Jessie ----
by on September 22, 2018
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And I say it's about time. Today, President Trump's Administration said it would propose making it harder for foreigners to come to the United States or remain there if they have received or are likely to receive public benefits such as food aid, public housing or Medicaid. He's right, why should taxpayers have to support these people, when it's all they can do to afford to support themselves and their families?
This new regulation comes from the DHS, and would expand immigration officers' ability to deny visas or legal permanent residency to aspiring immigrants if they have received a range of taxpayer-funded benefits to which they are legally entitled, such as Medicaid, the Medicare Part D low-income subsidy, Section 8 housing vouchers and the Supplemental Nutrition Assistance Program, which is commonly known as food stamps.
What many don't know is that our current law says no one can have permanent residency, if they become a public charge, but through the years our politicians have relaxed the definition as to what "public charge" really means. Trump wants to change all of that.
The last enacted regulation was in 1999, but Trump's new changes would specifically bar authorities from considering such non-cash benefits in deciding a person's eligibility to immigrate to the United States or stay in the country. The changes would apply to those seeking visas or legal permanent residency but not people applying for U.S. citizenship.
Current long standing federal law states those seeking to immigrate to the United States must show they can support themselves financially. The new change would signal to immigrants, that they aren't allowed to become a burden to taxpayers. Should a foreigner is receiving one or more of the public benefits laid out in the proposal when they apply for a visa or residency, that would be a heavily weighed negative factor in their determining their eligibility to come to or remain in the United States.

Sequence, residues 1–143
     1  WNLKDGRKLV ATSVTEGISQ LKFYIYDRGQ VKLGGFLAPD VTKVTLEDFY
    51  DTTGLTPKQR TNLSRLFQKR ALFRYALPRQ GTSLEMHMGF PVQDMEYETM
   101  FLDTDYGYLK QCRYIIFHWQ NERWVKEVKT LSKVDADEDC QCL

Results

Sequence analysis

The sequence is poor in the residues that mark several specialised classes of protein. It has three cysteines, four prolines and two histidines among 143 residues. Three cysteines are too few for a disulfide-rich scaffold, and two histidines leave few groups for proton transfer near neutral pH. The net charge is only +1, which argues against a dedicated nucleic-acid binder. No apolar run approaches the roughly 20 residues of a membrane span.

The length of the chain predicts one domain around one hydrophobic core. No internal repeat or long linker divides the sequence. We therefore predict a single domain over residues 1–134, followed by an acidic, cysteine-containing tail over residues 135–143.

Otherwise if an immigrant is deemed inadmissible because of the new rule, they might be eligible to post a bond, no less than $10,000, to come into the United States.
The good thing about this is, that President Trump doesn't need the approval of congress for this to be so.
The proposed regulation will be published in the Federal Register in the coming weeks. There will also be 60 days for the public to comment.
The agency must consider all comments and could change the regulation before the final version is adopted, likely not for at least several months.
This could possibly affect more than 382,000 people per year who obtain permanent residence while already in the United States. Also hundreds of thousands of people living abroad obtain U.S. permanent residence each year through the State Department, which would likely change its own regulations to match those of DHS when the proposal becomes final.
Of course the left, and many immigrant advocate groups are crying foul. They argue that it is an effort to cut legal immigration without going through Congress to change U.S. law. They also believe the rule could negatively affect public health by dissuading immigrants from using health or food aid to which they or their children are entitled.
But the proposal won't penalize immigrants for using home heating aid; the widely used earned-income tax credit; WIC, a federal program that feeds poor pregnant or nursing women and their children; and Head Start, which provides early education to low-income children. Previous versions of the rule would have penalized immigrants for using those benefits.
The regulation also would consider only the use of certain benefits by the individual applicant, and not their dependents, including U.S. citizen children. Previous versions of the regulation would have taken into account the use of benefits by an applicant's children, even those born in the United States, which immigrant advocates said would force people to pull their children out of needed health and food programs.
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